The Paris Climate Agreement calls for a global reduction in emissions in order to keep global warming within 2 degrees Celsius above pre-industrial levels. A key part of achieving this goal will be a shift away from fossil fuels, towards renewable energy sources.

Last year saw record levels of investment in green energy. “Renewables are becoming ever more central to our low-carbon lifestyles, and the record-setting investments in 2015 are further proof of this trend,” explained UN Environment Programme Executive Director Achim Steiner.

These four charts will help you visualize the growth of global renewable energy.

A year of milestones

 2015 was a year of milestones for renewable energy.
Image: UN

2015 was a significant year for renewable energy. This graphic from the UN highlights some of the major milestones achieved last year. Overall spending hit record levels, at US$286bn – over double the investment in fossil fuels. Additionally, for the first time, developing countries invested more than the developed world.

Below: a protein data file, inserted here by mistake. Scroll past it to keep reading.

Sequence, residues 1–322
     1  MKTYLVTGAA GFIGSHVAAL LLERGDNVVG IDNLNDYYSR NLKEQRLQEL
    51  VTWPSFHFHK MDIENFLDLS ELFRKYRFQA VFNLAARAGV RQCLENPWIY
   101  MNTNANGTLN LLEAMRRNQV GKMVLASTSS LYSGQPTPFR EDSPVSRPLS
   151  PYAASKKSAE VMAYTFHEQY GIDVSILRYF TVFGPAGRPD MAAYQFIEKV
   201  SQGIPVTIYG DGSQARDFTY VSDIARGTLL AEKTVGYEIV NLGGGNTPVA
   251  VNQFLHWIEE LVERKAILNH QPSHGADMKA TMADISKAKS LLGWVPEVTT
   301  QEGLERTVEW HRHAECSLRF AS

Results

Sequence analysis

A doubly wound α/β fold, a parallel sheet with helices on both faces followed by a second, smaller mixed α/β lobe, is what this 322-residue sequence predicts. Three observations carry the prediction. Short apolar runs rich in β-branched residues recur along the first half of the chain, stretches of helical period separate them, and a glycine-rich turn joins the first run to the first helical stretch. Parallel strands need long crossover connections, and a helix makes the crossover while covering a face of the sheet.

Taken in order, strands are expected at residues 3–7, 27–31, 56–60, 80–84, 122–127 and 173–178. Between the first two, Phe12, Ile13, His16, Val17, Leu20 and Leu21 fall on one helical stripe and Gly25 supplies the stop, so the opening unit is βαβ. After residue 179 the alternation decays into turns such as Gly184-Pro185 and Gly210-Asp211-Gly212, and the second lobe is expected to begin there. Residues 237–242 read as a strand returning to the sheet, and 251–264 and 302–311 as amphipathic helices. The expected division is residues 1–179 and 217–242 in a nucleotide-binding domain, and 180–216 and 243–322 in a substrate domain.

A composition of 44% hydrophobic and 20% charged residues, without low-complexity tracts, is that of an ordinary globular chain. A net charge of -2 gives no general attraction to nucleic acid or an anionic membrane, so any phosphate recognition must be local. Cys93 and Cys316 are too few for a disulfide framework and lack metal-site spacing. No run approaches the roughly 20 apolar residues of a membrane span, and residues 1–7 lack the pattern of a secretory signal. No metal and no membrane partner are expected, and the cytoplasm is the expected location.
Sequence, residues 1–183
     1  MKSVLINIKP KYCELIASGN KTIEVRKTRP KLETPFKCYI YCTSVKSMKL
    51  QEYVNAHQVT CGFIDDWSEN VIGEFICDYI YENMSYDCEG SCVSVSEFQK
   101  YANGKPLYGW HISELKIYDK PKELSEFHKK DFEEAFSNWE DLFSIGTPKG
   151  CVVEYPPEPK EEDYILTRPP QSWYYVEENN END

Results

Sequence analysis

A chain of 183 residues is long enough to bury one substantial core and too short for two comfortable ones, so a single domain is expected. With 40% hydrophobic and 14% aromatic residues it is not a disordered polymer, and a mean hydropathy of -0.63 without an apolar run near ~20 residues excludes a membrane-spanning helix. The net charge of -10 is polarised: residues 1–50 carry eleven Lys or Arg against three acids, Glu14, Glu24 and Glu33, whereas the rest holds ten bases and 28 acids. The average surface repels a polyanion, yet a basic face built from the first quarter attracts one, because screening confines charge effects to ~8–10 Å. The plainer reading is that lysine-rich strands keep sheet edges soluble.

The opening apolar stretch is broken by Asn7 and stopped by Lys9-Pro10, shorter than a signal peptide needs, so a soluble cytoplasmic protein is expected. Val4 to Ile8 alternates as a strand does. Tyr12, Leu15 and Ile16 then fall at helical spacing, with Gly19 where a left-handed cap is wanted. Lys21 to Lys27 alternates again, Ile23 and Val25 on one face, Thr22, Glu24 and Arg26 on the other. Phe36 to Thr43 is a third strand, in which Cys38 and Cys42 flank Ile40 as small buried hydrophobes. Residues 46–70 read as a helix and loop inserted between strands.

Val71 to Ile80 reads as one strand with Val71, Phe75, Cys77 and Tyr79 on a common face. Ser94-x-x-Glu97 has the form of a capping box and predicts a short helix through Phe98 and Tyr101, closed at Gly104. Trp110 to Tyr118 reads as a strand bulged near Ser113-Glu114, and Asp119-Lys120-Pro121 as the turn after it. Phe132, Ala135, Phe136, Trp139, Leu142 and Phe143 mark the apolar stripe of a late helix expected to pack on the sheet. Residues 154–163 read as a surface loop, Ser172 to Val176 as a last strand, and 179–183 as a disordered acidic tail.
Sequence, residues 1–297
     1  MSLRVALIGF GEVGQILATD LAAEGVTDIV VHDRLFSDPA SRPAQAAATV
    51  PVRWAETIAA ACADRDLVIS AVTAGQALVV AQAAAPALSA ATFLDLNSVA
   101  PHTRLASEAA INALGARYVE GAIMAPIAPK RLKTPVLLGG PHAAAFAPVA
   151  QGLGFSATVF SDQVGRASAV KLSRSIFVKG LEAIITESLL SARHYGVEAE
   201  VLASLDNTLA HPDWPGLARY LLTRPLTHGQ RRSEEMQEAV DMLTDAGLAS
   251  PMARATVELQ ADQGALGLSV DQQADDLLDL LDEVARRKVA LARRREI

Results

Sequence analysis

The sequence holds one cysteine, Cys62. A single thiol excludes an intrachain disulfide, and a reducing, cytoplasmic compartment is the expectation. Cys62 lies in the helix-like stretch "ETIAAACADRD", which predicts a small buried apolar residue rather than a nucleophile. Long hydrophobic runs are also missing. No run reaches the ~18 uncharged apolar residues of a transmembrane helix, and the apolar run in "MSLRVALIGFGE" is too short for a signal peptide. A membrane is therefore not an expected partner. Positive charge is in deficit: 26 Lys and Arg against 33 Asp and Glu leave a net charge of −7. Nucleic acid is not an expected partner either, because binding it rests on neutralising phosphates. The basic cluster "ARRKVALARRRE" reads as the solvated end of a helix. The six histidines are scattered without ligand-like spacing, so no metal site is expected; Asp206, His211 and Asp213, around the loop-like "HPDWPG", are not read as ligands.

China leads the way

 New investment in renewable energy by country
Image: UN

In terms of investment, China is leading the charge towards a renewable future. Their total spend topped $100bn, which accounted for over a third of the total global investment. Other countries also saw significant increases in their green investment from 2014 to 2015. Chile, South Africa and Mexico all saw spending rise by over 100% on the previous year’s total.

Falling costs shine a light on potential of solar

 Falling solar prices against solar installations.
Image: Bloomberg

This chart from Bloomberg shows the impact of falling costs on the installation of solar panels. It emphasises the increase in electricity generation as the cost of panels has declined. Equally, it highlights the importance of constant innovation, and indeed investment.

Winds of change

 Global wind generation capacity.
Image: BP

It’s not just solar capacity that’s on the rise. As this BP chart shows, even in the last decade, wind power has seen a rapid increase in capacity. Just five countries dominate global capacity, but the contribution of the rest of the world is still significant. With European investment in offshore wind projects hitting record levels last year, wind power generation is set to rise further.